Karfreitagszauber

People who know me well know that my fondness for Wagner is limitless. I have multiple recordings of each of the great Wagner operas and when you consider that each averages about 3 to4 hours in length and therefore 4 to 5 CDs each, this amounts to quite a considerable outlay. The other day I mentally totted up how much I have spent on Wagner – it’s four in the morning, what else is there to do – and let’s just say it would have funded a pretty decent family holiday in Australia or a modest sports car. Or famine relief in Africa. It would probably have gone a fair distance towards putting a man on Mars.

Put like that the expenditure seems extravagant. My father questioned whether I needed one recording of Der Ring des Nibelungen let alone a plurality. I remember as eyes rolling heavenward when I let slip that I had bought a second recording of the Ring (Karajan) in addition to my much worn copy of Solti’s landmark recording from the 1960s. Indeed many of my friends were askance even at that, costing as it did £50 give or take a shilling, back in 1971. And £50 was quite a lot of money then. To shell out that kind of moolah on music by Wagner was evidence of clear insanity. It put me in the same psychological bracket as Hitler. At least in my friends eyes.

But I should like to go on record as saying that, no matter how passionate I am about Wagner I have never felt the need to goose step into Poland or to annex the Sudetenland. Besides Hitler’s favourite Wagner opera was Rienzi so his judgement was flawed anyway. Rienzi I ask you. What a twat.

My father believed that Wagner was best in the parts where the people weren’t singing. In other words in the overtures, preludes and finales, those glorious bits where the orchestra blazes away, brass rasping, strings shimmering and woodwinds struggling to be heard. That was my father’s idea of Wagner – bleeding chunks excised from the mother work. And of course there is plenty of Wagner to fit that bill.

All my attempts to make Wagner accessible to him fell on stony ground. Goodall’s recording of the Ring, sung in English, was just the ticket, I thought, to immerse him in the drama. He listened conscientiously, gradually began to fidget and eventually asked me to turn it down which, as we all know, is the polite way of saying turn it off. “I don’t mind what language it’s sung in” he said “as long as it’s one I don’t understand”. Case closed.

Mercifully he went to his grave largely oblivious of the extent of my Wagner habit. I had long since stopped telling him each time I bought a new recording. Rolling eyes, and a look at benign indulgence gradually gave way to outright incomprehension. And at that stage I had only added Furtwangler’s live recording from La Scala in 1950. A stellar cast, unachievable today, led by Kirsten Flagstad trying to make themselves heard over the notoriously rude Italian audience. With the incessant coughing – it was obviously recorded during a tuberculosis epidemic – and I could begin to see my father’s point.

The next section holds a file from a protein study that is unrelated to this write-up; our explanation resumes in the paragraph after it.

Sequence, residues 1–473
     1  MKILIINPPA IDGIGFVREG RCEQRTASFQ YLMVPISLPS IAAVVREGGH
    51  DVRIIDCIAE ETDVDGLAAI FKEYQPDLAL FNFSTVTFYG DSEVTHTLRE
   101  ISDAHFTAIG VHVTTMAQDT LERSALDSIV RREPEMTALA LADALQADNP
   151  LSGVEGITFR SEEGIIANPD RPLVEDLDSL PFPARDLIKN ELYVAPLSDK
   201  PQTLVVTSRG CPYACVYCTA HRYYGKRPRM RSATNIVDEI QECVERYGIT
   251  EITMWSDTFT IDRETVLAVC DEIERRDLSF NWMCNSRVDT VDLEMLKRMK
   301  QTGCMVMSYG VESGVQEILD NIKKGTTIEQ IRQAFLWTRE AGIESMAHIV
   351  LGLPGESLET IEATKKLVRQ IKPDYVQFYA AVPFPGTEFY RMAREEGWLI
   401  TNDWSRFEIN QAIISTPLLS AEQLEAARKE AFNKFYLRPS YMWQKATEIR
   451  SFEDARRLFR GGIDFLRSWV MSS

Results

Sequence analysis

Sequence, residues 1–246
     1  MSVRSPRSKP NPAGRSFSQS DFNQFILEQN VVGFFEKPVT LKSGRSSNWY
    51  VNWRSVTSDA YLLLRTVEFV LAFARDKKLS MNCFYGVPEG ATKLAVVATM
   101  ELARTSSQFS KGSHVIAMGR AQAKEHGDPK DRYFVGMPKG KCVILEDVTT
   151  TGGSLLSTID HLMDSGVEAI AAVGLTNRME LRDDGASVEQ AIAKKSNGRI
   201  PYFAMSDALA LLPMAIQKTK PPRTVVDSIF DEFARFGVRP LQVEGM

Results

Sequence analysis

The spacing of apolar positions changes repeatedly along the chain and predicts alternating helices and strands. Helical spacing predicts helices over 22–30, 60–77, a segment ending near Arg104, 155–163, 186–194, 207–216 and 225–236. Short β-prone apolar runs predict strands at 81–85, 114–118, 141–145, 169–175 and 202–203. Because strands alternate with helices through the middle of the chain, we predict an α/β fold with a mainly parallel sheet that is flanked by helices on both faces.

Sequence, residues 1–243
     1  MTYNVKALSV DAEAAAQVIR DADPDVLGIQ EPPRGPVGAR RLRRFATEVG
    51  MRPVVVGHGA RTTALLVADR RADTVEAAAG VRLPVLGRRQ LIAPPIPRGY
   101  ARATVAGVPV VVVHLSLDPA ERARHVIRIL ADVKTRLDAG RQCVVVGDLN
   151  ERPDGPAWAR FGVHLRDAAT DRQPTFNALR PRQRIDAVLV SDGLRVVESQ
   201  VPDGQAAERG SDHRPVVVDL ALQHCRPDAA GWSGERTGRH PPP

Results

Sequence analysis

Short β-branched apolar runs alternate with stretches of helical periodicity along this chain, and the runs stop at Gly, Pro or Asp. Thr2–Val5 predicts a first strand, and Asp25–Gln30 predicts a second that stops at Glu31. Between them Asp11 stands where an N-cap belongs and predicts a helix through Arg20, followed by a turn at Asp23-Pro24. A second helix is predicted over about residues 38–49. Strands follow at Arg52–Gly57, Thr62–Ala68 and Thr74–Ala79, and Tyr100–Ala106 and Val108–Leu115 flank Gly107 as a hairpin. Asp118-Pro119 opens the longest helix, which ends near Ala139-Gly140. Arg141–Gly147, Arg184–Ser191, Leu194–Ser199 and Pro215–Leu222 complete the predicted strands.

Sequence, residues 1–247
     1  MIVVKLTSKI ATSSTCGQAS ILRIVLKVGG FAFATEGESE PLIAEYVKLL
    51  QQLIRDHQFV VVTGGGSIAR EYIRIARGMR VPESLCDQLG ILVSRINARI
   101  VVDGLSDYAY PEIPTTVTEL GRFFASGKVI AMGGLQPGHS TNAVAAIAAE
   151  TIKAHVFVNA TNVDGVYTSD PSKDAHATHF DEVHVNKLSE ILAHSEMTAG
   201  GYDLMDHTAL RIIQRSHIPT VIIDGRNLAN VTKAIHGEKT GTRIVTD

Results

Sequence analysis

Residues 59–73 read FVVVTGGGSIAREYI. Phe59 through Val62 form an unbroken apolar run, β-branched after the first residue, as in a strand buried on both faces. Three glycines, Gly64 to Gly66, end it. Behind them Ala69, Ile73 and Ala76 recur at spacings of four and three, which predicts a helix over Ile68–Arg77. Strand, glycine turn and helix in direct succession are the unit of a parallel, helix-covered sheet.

Gradually over time, and don’t forget I’ve been collecting Wagner for nearly 50 years, I have added Rings by Knappertsbusch, Goodall, Haitink, Barenboim, Bohm, Janowski, Kempe and heaven knows who else. A total of 26 different recordings, each on average 14 CDs. When I put it down on paper like that, I can’t quite believe it myself. Perhaps it’s time I turn up to a session at Wagnerholics Anonymous. “I’m Jon Stamford and I’m a Wagnerholic”. There, I did it. They say admitting the problem is the first step on the road to cure.

But I don’t want to be cured. And I certainly don’t expect to be. Especially today, Good Friday. With a significant part of its drama set on Good Friday, there is only one opera for today’s listening/viewing. Parsifal. Wagner’s final opera and one in which even hesitated to call it an opera it was a Buhnenweihfestspiel, or in plain English, “a festival play for the consecration of a stage”. Wagner was never good on plain English (or plain German for that matter). Three acts and a mere four hours in length one critic once described it as “the kind of music where you sit down in the opera house at 6 PM, listen to 4 hours of music, then look at your watch and see it’s only 6:15 PM”. But that’s just rude although I will concede that it is one of Wagner is more static operas. I prefer to think of it as majestic rather than bombastic, measured rather than dragging.

It took me a long time to come to Parsifal. I already had multiple recordings of many of the other Wagner operas and I knew, or at least I thought I knew, what to expect from Parsifal but somehow I put off buying a recording for ages. I think it was a tacit acceptance that, beyond Parsifal, there was nothing else. It was like the best novel imaginable. You don’t want to read that final chapter because then the stories in the past tense and there is nothing further to look forward to. Same with Parsifal. I don’t mean “nothing further to look forward to” in a morbid sense. Get a grip – at the end of the day it’s just music. But when I did finally steel myself to buying Solti’s sublime 1973 recording, I immediately realised that this was not the ending of the journey but the beginning of another.

So today I have a tough choice – 29 separate recordings of Parsifal and only 24 hours in the day. Which one gets the nod?